Domain registrar GoDaddy has made public a security incident detected on November 17th, in which an unauthorised third party allegedly gained access to the company’s Managed WordPress hosting environment via a compromised password. The investigation, which is still ongoing, determines that the attacker had access to customer information from the 6th of September of this year until the time of its detection, which was blocked and expelled from the system. Among the information exposed is email address and customer number of 1.2 million active and inactive Managed WordPress users, the WordPress administrator password set at the time of provisioning, sFTP and database usernames and passwords of active users, and the private key of SSL certificates for certain active users. The company is contacting customers affected by this security breach. It is worth noting that GoDaddy suffered a data breach in May last year.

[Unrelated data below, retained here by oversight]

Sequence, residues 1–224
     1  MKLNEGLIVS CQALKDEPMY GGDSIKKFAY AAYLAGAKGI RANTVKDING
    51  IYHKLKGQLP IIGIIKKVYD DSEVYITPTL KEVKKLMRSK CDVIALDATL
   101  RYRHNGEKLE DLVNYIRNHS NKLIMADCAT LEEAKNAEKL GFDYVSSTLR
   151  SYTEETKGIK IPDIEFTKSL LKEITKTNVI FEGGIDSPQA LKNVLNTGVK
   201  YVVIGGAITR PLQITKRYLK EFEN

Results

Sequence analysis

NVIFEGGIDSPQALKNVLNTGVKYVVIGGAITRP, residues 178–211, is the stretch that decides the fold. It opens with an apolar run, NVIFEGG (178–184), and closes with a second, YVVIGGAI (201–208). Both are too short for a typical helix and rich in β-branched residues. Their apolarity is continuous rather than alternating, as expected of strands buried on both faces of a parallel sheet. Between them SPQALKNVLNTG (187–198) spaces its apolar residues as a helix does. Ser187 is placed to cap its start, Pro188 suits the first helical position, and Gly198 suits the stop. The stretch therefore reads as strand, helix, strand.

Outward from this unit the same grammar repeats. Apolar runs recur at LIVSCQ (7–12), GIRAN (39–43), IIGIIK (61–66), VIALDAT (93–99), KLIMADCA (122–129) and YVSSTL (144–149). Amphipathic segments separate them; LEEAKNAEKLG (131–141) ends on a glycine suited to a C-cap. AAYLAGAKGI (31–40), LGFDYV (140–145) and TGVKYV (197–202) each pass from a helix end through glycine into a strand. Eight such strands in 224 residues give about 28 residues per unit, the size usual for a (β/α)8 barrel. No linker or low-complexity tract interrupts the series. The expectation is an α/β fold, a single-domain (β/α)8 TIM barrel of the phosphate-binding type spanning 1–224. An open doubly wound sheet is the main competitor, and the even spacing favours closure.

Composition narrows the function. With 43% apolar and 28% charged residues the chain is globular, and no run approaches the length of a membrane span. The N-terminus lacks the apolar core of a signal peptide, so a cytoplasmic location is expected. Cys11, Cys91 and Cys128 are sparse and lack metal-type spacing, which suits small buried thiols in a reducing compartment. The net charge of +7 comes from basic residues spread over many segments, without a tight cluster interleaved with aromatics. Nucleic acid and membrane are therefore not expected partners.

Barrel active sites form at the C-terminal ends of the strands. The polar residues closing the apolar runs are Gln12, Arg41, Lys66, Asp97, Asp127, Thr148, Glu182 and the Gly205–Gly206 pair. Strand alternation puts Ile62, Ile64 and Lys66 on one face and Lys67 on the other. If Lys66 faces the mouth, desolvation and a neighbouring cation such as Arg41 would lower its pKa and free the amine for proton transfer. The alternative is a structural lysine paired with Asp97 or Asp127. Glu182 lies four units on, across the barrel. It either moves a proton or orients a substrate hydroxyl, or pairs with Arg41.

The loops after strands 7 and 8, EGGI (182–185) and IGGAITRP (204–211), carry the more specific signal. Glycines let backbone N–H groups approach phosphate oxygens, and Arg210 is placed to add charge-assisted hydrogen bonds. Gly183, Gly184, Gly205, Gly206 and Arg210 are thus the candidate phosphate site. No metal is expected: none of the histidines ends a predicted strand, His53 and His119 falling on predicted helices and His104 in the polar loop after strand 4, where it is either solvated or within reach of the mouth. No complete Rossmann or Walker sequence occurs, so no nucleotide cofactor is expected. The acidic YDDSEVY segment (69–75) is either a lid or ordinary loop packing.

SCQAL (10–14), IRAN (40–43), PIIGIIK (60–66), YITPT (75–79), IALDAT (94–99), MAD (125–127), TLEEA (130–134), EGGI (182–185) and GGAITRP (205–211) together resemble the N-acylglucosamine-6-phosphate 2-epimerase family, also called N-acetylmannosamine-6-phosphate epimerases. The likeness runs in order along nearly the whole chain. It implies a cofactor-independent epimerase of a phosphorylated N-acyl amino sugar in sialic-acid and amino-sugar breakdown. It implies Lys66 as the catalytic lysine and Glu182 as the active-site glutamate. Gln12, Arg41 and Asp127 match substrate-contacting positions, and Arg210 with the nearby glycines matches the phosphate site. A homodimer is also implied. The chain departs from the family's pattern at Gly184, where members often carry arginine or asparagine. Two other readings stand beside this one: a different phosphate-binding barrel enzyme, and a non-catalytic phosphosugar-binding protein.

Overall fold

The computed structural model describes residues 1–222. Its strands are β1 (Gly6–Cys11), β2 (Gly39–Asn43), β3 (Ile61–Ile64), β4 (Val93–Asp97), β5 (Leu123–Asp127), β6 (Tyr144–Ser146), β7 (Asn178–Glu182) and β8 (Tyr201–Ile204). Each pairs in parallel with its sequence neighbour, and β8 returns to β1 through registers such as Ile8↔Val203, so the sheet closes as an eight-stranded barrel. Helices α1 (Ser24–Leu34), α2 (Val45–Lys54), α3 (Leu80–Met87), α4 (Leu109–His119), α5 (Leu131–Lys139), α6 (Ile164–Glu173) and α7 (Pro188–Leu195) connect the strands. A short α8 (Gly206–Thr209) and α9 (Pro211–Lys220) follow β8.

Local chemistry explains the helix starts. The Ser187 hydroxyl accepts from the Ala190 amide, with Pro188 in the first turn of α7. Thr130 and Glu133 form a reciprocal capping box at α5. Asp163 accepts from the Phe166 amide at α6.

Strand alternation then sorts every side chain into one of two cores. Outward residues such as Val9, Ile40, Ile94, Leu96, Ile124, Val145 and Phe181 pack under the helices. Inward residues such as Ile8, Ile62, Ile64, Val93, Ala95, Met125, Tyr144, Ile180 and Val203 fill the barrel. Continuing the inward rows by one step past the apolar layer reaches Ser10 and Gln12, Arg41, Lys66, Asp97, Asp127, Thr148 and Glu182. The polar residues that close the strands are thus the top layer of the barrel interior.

Learn more: https://www.sec.gov/Archives/edgar/data/1609711/000160971121000122/gddyblogpostnov222021.htm

Vulnerabilities in MediaTek allow spying on Android devices 

Semiconductor company MediaTek has fixed several security flaws that could have allowed attackers to eavesdrop on phone calls from Android devices, execute commands or escalate privileges. MediaTek’s SoCs (System on a chip) are embedded in around 37% of the world’s smartphones and IoT devices, including devices from brands such as Xiaomi, Realme and Vivo, among others. Three of these vulnerabilities (CVE-2021-0661CVE-2021-0662 and CVE-2021-0663) are due to incorrect boundary checking and were fixed in MediaTek’s security bulletin last October, all with CVSS of 6.7. The fourth vulnerability is assigned the identifier CVE-2021-0673 but has not yet been fixed. The company will publish more details about the flaw, as well as its fix, in the next security bulletin to be published in December.

More: https://research.checkpoint.com/2021/looking-for-vulnerabilities-in-mediatek-audio-dsp/